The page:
It’s customary at this time of year to make predictions for the upcoming year. It’s also customary for those predictions to be wildly inaccurate, but here goes.
2012 will be a difficult year for almost every country, bar the hard core BRICs. Eastern Europe will be doubly unfortunate to be caught in between continued turmoil in the Euro zone and a Russia struggling to adjust to Putin’s problematic return to the presidency.
The fallout from the EU’s internal problems will be particularly harsh, because it is currently delayed by the opposite – countries both inside the EU and out are clinging to nurse for fear of something worse. Smaller countries like Moldova may still seek shelter from the storm. The mood in larger countries like Ukraine is already Sinn Féin-ist (Irish for “ourselves alone”), which, as Ukraine is not strong enough to tread a genuinely independent path, can only mean worse trouble in the long run.
2012 will also see the continued rise of alternative powers (or props) in the region. China will continue to expand its role, but striking very tough bargains – Beijing is too mercantilist to bail out local powers unless it is in their interest. Turkey has already built up relations with Georgia (Batumi providing a holiday home for Turkish gamblers) as well as Azerbaijan. Ukraine has fantasies about its Black Sea destiny but also faces possible conflict with Ankara as (presumed Russian) local political technologists seem to be behind an attempt to split or radicalise the Crimean Tatar movement.
The idea of using Euro entry as a macroeconomic anchor may already be losing its appeal. Governments will be less able to hide behind it to shield the pain of “internal devaluation” if the big prize suddenly looks tainted. Where the Polish opposition now leads, Latvia and Lithuania could follow. On the other hand, governments like Estonia and Latvia that have already swallowed bitter economic medicine are in much better shape to survive a double-dip.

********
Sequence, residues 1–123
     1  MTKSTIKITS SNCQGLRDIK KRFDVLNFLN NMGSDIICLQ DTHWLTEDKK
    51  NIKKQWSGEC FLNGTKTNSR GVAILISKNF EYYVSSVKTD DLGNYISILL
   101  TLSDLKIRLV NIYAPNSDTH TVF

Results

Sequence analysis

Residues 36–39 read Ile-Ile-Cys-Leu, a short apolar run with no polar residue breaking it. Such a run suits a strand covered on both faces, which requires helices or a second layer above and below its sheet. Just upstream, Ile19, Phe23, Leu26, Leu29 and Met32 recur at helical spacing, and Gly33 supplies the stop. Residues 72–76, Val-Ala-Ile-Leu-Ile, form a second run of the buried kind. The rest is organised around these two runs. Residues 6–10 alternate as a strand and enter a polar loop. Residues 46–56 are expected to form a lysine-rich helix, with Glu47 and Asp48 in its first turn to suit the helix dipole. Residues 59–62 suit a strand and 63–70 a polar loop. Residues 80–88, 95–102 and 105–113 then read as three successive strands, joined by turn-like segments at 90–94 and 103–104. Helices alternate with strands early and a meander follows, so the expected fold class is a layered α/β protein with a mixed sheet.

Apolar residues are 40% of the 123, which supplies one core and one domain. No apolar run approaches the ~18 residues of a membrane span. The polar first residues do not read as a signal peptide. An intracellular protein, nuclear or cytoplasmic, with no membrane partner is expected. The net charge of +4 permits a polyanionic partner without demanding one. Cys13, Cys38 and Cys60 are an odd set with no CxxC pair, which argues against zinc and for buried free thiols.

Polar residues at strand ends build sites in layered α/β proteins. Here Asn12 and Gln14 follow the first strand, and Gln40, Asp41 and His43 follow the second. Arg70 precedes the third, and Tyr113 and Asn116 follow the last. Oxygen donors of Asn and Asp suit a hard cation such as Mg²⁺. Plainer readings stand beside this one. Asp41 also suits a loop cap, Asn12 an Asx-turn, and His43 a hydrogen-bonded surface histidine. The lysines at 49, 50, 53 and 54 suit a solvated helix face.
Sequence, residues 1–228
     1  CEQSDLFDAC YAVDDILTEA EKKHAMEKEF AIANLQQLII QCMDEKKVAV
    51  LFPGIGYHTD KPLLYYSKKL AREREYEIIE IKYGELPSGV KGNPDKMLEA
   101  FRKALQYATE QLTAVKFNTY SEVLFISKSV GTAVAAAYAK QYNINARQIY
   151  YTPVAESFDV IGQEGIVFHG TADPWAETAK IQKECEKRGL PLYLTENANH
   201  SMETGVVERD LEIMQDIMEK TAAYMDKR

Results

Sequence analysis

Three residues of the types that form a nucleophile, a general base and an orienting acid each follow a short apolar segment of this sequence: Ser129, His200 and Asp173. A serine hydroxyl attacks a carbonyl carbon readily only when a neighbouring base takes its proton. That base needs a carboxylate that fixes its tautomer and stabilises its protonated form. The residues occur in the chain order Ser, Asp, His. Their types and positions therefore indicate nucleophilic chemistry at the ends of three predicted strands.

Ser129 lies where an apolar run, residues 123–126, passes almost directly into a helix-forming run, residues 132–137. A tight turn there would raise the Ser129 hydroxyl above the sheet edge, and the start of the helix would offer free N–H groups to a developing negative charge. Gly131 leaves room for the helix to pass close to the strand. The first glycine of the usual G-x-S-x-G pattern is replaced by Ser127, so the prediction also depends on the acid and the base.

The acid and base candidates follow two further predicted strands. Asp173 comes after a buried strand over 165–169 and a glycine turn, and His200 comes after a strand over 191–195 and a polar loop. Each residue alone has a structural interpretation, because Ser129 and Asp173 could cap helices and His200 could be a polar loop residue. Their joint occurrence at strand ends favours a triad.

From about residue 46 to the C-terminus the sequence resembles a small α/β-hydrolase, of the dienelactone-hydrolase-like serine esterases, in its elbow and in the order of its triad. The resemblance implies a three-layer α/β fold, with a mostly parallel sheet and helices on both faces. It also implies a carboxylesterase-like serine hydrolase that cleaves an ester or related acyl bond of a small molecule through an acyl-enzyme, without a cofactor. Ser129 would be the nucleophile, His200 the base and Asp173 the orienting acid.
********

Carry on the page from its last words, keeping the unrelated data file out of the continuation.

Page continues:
The other EU anchor, the Deep and Comprehensive Free Trade Agreement (DCFTA), has been offered to Georgia and Moldova, with the EU confirming the beginning of negotiations at the beginning of December. Unfortunately, the Ukraine process will be in deep limbo at best. The EU side will be in much less of a mood to make quota and other concessions. It will be up to Tbilisi and Chişinău to convince the EU that they deserve to leap-frog over Kyiv rather than Ukraine dragging them down – which will be a tough sell, but one of the EU’s great strengths is bureaucratic inertia, which will hopefully keep the negotiations going.
A multi-level EU will be a hard place for the Eastern Partnership “grey zone” states to find friends. None are potential members of a German-led northern European hard core. The reluctant states, like the UK, Hungary and the Czech Republic, are mainly motivated by defending national sovereignty (which means something different for the Eastern Partnership six), and by seeking allies against Brussels; but it is Brussels, not Member States, that can deliver what EaP states want. Though the UK’s Conservatives may hope to strengthen their links with what they hope is a still Eurosceptic Georgia.
Russia meanwhile seems to be heading towards a hollow Putin victory in March. But even this is only likely to be achieved by more political technology, as the regime struggles to draw the string of protests with cosmetic concessions and slightly more plausible puppet opponents. Other states that are trying to build Putinism-lite, like Ukraine, will find that Putinism is breaking down, or being renegotiated at the very least. They will have to be subtle about control, as in Georgia, or the spotlight will be on them too.